Photo of Bryant Lamar courtesy artist
"I like to tell stories," says Bryant Lamar. "That’s what I’m doing."
After years producing for others, the emerging vocalist-producer is now focusing on his own work, starting with his newly released project Vibes. But he acknowledges this chapter of his musical pursuits was somewhat unexpected.
"In the beginning, a lot of people didn’t take me seriously, maybe because I didn’t even realize how serious it was," he says, speaking with Variance about the album. "There was a point where I thought I wanted to be a worship leader, but I’ve realized that’s not what I want. That’s not for me. And for years, I’ve thought I should just be producing for other artists."
However, an encounter with some others in the music industry inspired him to give his own music a second look.
"I went to L.A. for a couple months a couple years ago and it changed my thinking," recalls the California native, who's most recently been based in Tulsa. "My cousin was also able to make some connections for me, just different people. I ended up working in Nick Cannon’s studio—not with him, but I got to connect with his team and work there in that space. It was a great experience. They’re all solid people."
Lamar had intended to demo material for other artists, showcasing his work as a producer. But the reaction he got wasn't what he expected.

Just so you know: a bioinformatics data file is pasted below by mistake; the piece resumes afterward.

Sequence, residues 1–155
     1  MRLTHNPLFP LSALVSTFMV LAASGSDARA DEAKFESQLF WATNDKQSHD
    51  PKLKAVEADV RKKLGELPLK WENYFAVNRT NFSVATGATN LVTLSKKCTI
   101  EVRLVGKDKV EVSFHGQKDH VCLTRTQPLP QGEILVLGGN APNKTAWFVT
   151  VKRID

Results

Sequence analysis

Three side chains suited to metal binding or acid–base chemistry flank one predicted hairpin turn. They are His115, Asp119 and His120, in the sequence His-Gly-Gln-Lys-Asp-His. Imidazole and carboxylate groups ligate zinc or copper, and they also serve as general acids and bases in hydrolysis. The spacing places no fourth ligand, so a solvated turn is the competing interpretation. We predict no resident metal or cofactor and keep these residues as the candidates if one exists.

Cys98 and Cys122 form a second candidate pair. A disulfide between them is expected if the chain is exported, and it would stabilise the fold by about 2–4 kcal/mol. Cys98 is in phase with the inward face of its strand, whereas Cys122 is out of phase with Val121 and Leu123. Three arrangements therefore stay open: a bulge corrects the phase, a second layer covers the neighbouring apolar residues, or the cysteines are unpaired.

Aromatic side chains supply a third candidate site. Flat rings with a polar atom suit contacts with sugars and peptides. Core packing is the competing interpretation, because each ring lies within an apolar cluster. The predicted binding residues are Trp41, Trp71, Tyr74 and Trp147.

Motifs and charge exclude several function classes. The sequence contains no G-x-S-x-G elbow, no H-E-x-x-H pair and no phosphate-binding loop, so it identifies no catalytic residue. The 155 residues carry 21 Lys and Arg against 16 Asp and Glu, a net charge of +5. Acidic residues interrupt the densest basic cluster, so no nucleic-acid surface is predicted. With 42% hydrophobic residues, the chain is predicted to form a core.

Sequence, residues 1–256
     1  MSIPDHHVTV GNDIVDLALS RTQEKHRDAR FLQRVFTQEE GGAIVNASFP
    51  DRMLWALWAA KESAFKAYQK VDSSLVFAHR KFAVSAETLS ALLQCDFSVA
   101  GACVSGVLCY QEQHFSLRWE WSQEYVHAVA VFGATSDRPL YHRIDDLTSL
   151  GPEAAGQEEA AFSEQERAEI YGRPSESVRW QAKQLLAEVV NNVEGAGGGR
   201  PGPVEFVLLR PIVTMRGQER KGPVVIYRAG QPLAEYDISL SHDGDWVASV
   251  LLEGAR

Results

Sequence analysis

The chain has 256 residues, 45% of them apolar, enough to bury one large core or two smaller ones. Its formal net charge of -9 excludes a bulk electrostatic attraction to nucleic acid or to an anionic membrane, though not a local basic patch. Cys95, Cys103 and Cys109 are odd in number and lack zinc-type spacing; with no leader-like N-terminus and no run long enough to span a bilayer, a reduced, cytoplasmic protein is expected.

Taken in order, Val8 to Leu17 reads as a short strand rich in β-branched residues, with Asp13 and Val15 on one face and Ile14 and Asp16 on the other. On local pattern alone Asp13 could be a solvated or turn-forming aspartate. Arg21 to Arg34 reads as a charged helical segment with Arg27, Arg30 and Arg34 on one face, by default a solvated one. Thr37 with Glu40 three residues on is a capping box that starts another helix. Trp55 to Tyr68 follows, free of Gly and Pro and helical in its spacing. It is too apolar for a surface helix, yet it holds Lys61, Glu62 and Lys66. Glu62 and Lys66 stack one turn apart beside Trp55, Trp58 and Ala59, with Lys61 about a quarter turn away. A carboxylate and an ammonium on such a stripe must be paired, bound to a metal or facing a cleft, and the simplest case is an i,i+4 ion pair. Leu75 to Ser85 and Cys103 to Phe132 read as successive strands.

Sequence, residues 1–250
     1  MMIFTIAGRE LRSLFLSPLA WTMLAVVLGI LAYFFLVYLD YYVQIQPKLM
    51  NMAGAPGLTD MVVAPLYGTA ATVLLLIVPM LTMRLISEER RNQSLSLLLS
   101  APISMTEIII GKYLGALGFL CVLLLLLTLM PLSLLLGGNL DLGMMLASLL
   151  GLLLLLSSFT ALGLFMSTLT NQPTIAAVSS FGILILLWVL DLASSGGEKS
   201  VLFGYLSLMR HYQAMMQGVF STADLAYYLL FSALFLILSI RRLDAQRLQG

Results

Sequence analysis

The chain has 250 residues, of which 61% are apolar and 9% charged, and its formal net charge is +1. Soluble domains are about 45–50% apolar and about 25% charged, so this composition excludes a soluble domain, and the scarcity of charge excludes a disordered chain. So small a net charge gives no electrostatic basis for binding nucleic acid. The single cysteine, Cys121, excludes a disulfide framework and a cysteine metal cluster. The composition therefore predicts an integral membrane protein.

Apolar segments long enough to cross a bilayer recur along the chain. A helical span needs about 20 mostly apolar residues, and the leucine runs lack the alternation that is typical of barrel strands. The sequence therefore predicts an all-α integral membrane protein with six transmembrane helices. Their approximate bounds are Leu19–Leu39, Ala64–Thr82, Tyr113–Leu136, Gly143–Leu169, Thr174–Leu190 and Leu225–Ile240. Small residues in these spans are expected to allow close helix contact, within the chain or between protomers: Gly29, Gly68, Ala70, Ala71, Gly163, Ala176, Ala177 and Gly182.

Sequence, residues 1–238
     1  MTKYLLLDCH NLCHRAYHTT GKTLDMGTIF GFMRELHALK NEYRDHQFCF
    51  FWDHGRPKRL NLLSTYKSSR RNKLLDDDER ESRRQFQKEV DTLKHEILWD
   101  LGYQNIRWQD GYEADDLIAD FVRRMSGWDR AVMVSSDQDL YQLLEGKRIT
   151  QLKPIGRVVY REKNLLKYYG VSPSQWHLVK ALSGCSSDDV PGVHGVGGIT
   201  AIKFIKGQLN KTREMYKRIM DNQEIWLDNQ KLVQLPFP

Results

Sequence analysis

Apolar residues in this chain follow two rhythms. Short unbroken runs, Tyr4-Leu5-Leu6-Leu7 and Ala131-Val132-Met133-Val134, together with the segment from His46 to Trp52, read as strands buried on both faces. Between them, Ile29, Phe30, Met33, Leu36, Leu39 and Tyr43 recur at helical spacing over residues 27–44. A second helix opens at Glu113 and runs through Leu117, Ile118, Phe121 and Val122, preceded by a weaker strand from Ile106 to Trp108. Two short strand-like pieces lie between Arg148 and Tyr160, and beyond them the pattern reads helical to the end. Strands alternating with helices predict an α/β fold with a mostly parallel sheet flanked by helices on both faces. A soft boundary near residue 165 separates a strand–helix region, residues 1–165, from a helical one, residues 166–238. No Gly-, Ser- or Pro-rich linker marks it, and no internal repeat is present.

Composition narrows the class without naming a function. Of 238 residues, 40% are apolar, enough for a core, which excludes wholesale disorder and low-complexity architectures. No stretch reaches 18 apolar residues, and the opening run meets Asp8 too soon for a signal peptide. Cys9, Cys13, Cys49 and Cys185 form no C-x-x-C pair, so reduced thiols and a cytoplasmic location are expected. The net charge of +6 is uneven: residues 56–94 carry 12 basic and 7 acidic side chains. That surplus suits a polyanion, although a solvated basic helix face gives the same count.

"They were supportive but they were like, ‘We’ve already got an artist [like] Justin Bieber or Ariana Grande,'" he says of the meeting. "They go, 'What else you got?’ So I showed them my stuff, things I was working on and wasn’t really thinking of showing anyone at the time—maybe ever. And they encouraged me to focus more on myself as an artist. It really inspired me."
While he might be relatively new to the broader hip-hop scene, Lamar sees the big picture: "I want to tour, I want to make albums, I want to sell merchandise," he says. "I want all of that—TV, radio, everything."
And despite his newcomer status, he believes thinking big is vital to the formula for success, even as he admits he's still figuring out the right mix for his own career.
"I know it would sound arrogant to say I’m up there with Kendrick Lamar or Kanye West," he says, cautiously, before continuing: "I’m not saying I’m better than those guys, but I think I’m finally feeling confident enough to say, ‘Put me on next.’"
The married father of two admits it's not always easy to stay focused on his goals, while juggling responsibilities as a husband and parent, but he says the challenges have actually made him more determined.
"I’ve got two sons and there’s no way I’d feel right telling them, ‘Pursue your dreams, son,’ when I didn’t do that—when I gave up," he says. "Music is my dream. And I want to tell my sons I fought for my dream."
He also recalls the words of a former mentor. "He told me I could do anything I wanted in music, except singing," says Lamar, pointing out his frustration. "I appreciate the optimism, but you can't box me in like that. It's just motivation, though. Because I’ve never liked being told what I can or can't do." ■